But the Cherokee is not the only tribe, that has been treated so shamefully.  In the far northwest, Oregon and Idaho are other tribes that have suffered at the hands of our government.  Prominent among these are the Nez Perce’s Indians.  These are described by the early adventurers and travelers as industrious, and ready and eager to learn the ways of civilization, and to know of the God of the white men.  At an early date missionaries were sent to them, whom they received gladly.  They are a handsome race who prides themselves that they received the white men with the hand of friendship, that they have kept their promises, and that their people have never shed a white man’s blood.  In 1843 the first agent was sent to investigate their condition, and to express to them the good will of the government.  This agent aided them in drawing up a simple code of laws in which the whipping post had quite a prominent place.  The government entered into no relations with them until 1801, when a superintendent and three agents were sent out to Oregon.  Treaties were then entered into, but were never ratified by Congress.  This caused great dissatisfaction and bitter feeling among the Indians, for they felt that the white men unjust in settling upon lands which they believed were secured to them by treaty.  In 1855 there was a general outbreak of Oregon Indians, with the exception of the Nez Perce’s who in spite of the injustice they had suffered, and the threats of the hostiles, remained friendly to the whites.  There was finally a cessation of hostilities; but their wrongs were not righted, their treaties still remained ungratified, and settlers still came in without offering any compensation for the curtailment of their hunting grounds, which here to fore had furnished them a bountiful food supply.  It is not much wonder that they committed depredations upon them.  The war broke out again in 1858, and this time the Nez Perce’s were fighting on the side of the United States against their own people. This tribe when asked what they desired most, answered, “Peace, plows, and schools.”  They had been raising wheat, corn, and vegetables with the rude means at their command, and still kept the faith and practices brought to them by the first missionaries.  In 1859 peace was established and the treaties of 1855 were ratified.  The territory, which was secured to the Nez Perce’s was a beautiful tract, lying within the territory of Idaho, with an abundant water supply and a fair amount of timber.  They immediately devoted themselves to the improvement of this; but peace for them was not long, for, unfortunately, in two years gold was discovered with their limits, and in 1861 upon this tract one hundred miles long and sixty miles wide, not less than ten thousand miners were prospecting for it.  Towns were established in opposition to every treaty stipulation, and by every means possible toe greedy prospectors tried to shake the Indians’ faith in the government.  But the chiefs remained firm in their belief in its faithfulness although at that time, there was due the head chief the sum of $625, and for six months he had been suffering for the necessaries of life.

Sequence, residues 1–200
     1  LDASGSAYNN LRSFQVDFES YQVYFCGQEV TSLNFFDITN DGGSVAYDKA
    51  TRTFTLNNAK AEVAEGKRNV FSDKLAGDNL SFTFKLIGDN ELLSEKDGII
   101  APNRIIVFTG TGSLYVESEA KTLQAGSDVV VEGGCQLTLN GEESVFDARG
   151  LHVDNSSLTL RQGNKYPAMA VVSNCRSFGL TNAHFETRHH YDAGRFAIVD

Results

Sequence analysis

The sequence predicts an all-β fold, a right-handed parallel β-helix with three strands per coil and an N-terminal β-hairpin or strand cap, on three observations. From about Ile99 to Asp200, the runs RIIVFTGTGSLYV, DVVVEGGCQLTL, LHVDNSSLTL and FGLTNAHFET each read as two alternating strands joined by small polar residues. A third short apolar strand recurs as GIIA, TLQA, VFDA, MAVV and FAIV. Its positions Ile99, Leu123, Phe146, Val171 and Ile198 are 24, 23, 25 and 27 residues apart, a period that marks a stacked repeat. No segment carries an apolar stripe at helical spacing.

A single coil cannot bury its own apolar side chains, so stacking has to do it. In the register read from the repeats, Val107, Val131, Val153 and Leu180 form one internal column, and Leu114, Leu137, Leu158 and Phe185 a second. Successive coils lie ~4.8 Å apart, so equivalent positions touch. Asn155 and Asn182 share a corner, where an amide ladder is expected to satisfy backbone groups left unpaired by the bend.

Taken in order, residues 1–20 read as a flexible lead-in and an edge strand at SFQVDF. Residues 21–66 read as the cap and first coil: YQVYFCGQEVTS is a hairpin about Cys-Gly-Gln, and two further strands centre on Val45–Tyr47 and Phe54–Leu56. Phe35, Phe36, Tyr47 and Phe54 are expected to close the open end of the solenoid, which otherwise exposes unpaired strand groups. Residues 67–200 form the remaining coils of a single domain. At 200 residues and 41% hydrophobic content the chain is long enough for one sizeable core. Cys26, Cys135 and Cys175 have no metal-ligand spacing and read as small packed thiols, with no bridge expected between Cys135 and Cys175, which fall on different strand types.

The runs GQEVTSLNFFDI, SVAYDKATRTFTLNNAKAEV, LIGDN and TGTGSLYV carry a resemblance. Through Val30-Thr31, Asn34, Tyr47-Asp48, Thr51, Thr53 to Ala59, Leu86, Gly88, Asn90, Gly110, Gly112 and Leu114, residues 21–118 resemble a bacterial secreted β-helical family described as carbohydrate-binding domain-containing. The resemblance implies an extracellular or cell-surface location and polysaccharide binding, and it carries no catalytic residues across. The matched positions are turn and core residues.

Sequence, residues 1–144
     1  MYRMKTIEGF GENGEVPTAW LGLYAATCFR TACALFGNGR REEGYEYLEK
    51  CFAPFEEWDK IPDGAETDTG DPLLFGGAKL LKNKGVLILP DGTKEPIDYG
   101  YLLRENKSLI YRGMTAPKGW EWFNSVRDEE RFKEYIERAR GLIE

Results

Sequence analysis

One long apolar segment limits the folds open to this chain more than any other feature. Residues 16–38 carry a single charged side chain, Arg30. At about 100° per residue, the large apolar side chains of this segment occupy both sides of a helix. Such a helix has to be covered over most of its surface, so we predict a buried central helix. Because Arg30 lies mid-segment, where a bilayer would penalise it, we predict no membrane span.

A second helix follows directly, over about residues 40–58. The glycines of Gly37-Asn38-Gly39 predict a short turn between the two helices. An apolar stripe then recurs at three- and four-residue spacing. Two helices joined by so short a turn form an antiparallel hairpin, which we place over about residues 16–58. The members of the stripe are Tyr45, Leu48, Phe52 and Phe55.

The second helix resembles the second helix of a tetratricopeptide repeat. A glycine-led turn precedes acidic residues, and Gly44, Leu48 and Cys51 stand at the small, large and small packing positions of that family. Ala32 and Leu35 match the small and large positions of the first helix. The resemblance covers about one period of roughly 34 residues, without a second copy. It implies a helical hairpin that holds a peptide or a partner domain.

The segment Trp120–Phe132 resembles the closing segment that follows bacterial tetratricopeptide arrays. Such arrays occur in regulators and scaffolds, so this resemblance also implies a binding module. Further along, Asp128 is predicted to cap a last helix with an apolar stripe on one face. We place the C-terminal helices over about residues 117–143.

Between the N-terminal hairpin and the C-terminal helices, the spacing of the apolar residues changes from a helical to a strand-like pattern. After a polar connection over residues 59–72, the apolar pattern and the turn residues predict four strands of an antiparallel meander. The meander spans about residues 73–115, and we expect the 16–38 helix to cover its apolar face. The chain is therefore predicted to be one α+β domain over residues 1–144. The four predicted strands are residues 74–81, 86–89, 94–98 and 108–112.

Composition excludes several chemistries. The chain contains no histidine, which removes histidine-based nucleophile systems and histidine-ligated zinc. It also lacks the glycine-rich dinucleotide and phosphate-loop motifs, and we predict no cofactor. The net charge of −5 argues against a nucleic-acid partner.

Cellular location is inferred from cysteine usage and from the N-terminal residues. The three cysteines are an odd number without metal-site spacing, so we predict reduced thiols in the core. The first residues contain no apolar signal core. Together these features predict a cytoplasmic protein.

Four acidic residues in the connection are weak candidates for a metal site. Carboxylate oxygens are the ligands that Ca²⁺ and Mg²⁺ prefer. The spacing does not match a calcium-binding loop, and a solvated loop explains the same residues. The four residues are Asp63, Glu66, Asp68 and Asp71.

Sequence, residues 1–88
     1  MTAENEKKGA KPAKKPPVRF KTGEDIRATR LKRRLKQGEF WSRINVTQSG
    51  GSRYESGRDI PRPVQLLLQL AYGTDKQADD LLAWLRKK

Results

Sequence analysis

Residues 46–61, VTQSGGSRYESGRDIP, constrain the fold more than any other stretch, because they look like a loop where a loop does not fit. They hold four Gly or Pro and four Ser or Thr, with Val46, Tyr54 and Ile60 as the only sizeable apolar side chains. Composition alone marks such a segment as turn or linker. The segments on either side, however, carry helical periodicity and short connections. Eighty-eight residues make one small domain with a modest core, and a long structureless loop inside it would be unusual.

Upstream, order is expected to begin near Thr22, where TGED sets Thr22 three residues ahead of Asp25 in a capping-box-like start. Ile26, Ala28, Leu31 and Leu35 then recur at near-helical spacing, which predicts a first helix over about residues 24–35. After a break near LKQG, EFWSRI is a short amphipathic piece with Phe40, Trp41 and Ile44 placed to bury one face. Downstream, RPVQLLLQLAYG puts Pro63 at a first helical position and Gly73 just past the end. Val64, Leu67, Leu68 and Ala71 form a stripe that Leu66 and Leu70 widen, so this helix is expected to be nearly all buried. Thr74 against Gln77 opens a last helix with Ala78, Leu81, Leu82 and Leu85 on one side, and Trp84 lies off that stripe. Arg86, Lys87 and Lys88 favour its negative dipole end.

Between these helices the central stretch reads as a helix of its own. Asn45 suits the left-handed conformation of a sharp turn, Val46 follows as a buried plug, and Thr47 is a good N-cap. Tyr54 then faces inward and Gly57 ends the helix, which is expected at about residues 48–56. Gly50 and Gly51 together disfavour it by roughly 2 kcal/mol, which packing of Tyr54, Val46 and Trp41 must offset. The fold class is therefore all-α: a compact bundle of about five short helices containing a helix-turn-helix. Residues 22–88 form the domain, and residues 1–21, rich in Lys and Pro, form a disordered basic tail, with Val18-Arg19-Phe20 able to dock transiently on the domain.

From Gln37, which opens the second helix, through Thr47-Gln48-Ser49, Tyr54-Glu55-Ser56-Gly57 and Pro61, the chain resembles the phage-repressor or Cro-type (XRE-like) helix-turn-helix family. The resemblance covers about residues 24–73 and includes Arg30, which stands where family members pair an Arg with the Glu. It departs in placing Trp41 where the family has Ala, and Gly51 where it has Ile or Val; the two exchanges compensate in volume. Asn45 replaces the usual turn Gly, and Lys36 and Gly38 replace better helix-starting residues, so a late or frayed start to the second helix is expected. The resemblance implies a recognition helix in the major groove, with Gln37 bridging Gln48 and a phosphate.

There was also a sum of $4665 due to the warriors who fought in the war of 1858, nearly ten years before.  In 1863 a supplementary treaty was made which was to take away from the tribe the Wallowa and Imnaha valleys in Washington and Oregon, their especial district by a former treaty.  The chief, Old Joseph, would have nothing to do with this treaty, and he and his band became known as the non-treaty Indians.  He said, “I have kept my faith let the whites keep theirs.”   Majority of the other chiefs in Idaho however, agreed to the new allotment, as it did not injure them so greatly.  But Old Joseph remained firm in his purpose and dying was buried in his valley and his son, Young Joseph took his place.  He also was opposed to removal, and believed as his father in the same principle that the essential in a contract, the “agreement of minds,” was wanting in the last treaty.  He thus forcibly describes it.  “A man comes to me and says ‘Joseph I like your horses and I want to buy them.’  I say I do not want to sell them.  Then he goes to my neighbor and says, ‘Joseph has some good horses but he will not sell them,,’ and my neighbor says, ‘Pay me and you may have them’ and the man does so, and then comes to me and says, ‘Joseph I have bought your horses.’  The Indians of this band were so defiant and opposed to moving that, by an executive order in 1973, the Wallowa valley was set aside for their use; but this valley was so beautiful and well watered, that the whites were with difficulty kept from driving them off by force.  Two years later the order was revoked and here are some of the reasons of the commissioners for this act.  “Owing to the coldness of the climate it is not a suitable location for an Indian reservation.”  Since the had lived upon it from time immemorial and were described as a strong, and handsome race, why was it not suitable for them.  “It is now in part settled by white squatters for grazing purposes.”  “The state of Oregon could not probably be induced to cede the jurisdiction of the valley to the United States for and Indian reservation.”  “If by some arrangement, the white settlers in the valley could be induced to leave it, others would come.”